What a long and distinguished career Ruth Prawer Jhabvala has had as a writer. She is both prolific--having published 16 books--and profound, the winner of the Booker Prize (for her novel "Heat and Dust"), two Oscars (for "Room With a View" and "Howards End"), and the recipient of a MacArthur grant--the so-called "genius" award.
She remains a rather mysterious figure, one who rarely gives interviews, does not turn up at awards ceremonies and shuns publicity. One senses an immensely private person who shuttles between the worlds of New York City, London and New Delhi. It's easy to imagine her needing these diverse worlds now, as one who understands that movement itself has become the theme of our age.
Mobility, exile and displacement have long been dominant concerns in Jhabvala's fiction; the little dramas of the extended family, and gurus and spiritually starved Westerners have had their place. As she once stated in a rare interview, "Everyone is so estranged, no one is rooted. That's what I like to write about more than anything else. Everything being so mixed up. Racially mixed up, people moving from place to place, everything shifting."
To understand this interest, one has to look back, I think, to Jhabvala's own history. Her German-Jewish family fled Germany in 1939 and took up a life of exile in England; there she met her future husband, the Indian architect and artist Cyrus Jhabvala, with whom she would move to New Delhi. Jhabvala herself is emblematic of the chaotic events of the 20th Century: In both her life and her fiction she is uniquely placed, a brilliant observer standing at the confluence of the literary and philosophical streams of the East and the West.
"Shards of Memory" continues to explore these themes, now familiar to her readers, of exile, longing and family, as well as the quest for spiritual meaning. It is set in New York City, London and India. A multi-generational story, the novel features a cast of Germans, Indians and English--the Kopfs, Bilimorias and Howards--who have intermarried to create one family. As in a number of her novels, a guru also features prominently in the story, called simply "Master" here, a man of indeterminate nationality and indisputable charisma.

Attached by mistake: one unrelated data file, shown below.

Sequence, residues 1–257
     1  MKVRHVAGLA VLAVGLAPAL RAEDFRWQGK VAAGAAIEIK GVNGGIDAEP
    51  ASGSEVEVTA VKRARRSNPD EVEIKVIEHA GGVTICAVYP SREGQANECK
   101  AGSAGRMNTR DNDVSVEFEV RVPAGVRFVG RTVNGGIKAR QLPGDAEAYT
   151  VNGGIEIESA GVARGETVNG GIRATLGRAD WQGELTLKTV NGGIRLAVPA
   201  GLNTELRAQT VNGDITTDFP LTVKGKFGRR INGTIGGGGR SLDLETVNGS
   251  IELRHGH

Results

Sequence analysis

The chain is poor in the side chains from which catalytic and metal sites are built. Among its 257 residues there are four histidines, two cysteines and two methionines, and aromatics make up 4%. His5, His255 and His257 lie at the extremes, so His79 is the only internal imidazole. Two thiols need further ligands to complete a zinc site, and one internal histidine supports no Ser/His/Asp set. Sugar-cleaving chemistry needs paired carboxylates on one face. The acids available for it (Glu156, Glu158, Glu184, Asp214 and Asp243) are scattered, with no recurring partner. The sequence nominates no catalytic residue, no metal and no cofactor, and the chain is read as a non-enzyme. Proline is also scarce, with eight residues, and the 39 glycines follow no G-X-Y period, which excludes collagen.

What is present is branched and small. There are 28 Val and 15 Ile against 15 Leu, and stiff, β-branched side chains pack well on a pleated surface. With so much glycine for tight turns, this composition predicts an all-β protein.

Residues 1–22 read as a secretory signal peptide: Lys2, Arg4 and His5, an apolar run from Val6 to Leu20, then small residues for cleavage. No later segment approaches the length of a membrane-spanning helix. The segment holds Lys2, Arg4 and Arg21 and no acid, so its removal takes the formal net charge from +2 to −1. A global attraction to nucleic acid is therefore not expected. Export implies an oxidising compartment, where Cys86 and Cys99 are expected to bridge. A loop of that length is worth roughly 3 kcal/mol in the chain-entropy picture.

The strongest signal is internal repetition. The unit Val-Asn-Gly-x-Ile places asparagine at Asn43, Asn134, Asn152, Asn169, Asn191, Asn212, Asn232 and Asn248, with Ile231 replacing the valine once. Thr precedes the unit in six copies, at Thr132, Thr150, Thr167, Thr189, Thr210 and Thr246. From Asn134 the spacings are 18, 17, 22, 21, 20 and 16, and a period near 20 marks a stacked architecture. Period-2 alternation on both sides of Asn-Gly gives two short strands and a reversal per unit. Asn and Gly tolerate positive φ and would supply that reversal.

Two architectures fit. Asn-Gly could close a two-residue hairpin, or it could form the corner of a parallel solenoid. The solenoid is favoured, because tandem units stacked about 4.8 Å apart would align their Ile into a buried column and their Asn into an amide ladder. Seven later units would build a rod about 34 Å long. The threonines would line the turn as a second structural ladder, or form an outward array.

The story itself is rather simple, in the sense that it is driven by the memories of four generations of Bilimoria-Kopfs, all of whom have been involved with the Master in one way or another during the course of their lives. At the novel's opening the Master has died, and his papers have been bequeathed to Henry, the youngest of the Kopfs, whose task it is to sort through them.
Left badly crippled by a childhood car accident, Henry lives a semi-invalid life in New York City, sharing a large old house with his parents, Renata and Carl, his grandmother Baby, and the gentle Kavi, his Indian great-grandfather. At first indifferent to the task of editing the papers entrusted to him, Henry feels a stir of interest when he learns there is a possibility--remote, perhaps, but nevertheless intriguing--that the Master could be his real father.
What interests Henry even more, as he goes about the business of sorting the Master's papers, is Vera, the young woman he employs to help him in this task. But, like the other men and women in this extended family, Henry and Vera simply can't get together, or stay there, once the idea of intimacy is broached.
The portrayal of relationships, both romantic and familial, in "Shards of Memory" is one of the novel's most interesting aspects. Each couple is quite out of kilter. For instance, there are Elsa and Cynthia, Henry's great-grandmother and her lover, who finally die in a car accident while in the middle of an argument. Or Baby and Graeme, Henry's grandmother and her husband, who are estranged for much of their marriage. Or Renata and Carl, Henry's bloodless parents, who treat sex like an ATM transaction. "Marriages never do work out in our family," Renata says. "What disasters."
Marriages rarely work out in Jhabvala's fiction, period--and why should they? The impermanence she speaks of in the physical world--no one being "rooted," everything being so "mixed up" and people "moving from place to place"--has made coupling a tenuous business. Yet what is so striking about the couples portrayed here is their utter humanness, the way in which they manage to muster understanding, and even kindness, in spite of their alienation.
One of the things Jhabvala writes about so well is power--the power that gurus wield over vulnerable and needy acolytes, the power of parents over children--the powerful bonds of family in general, and of culture and memory and finally (and perhaps most important) the ennobling power of truth.
Nothing is simple about all this. Jhabvala is a writer of immense complexity, although her prose is stunningly clear, her narratives beautifully crafted and straightforward. Her wit is always sharp, and her sense of social nuances acute. The complexity comes from the merging of cultures and ideas, and the deep sense that more questions about human nature are being raised than answered.
Jhabvala, like V.S. Naipaul, and as much as any writer of our time, is defining a new literature--what Maxine Hong Kingston has called "the global novel"--the antithesis, really, of the "ethnic" novel of late. Her vision is large and inclusive. She possesses the sensibility of a bemused stranger, a wily observer of the human condition--one who has long since left her roots behind and now has no "home" except the world.
What seems different about "Shards of Memory" from Jhabvala's earlier novels is its tone of gentleness and reconciliation. That wry, occasionally acerbic tone--always a mark of this writer's fiction--is perceptibly softer.
The Master is a little less unctuous than other Jhabvala gurus, the failed lovers more poignant, the exiles more touchingly adrift. In the end, it may not be a happy universe she creates, but it's certainly a deeply moving one.